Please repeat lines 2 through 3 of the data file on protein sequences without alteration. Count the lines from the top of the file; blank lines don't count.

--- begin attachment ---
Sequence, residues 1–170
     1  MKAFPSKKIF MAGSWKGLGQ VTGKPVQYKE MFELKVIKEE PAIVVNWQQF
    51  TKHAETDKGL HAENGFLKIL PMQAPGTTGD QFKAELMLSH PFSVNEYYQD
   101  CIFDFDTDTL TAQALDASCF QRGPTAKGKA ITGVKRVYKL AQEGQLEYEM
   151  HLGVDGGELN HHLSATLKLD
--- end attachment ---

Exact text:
     1  MKAFPSKKIF MAGSWKGLGQ VTGKPVQYKE MFELKVIKEE PAIVVNWQQF
    51  TKHAETDKGL HAENGFLKIL PMQAPGTTGD QFKAELMLSH PFSVNEYYQD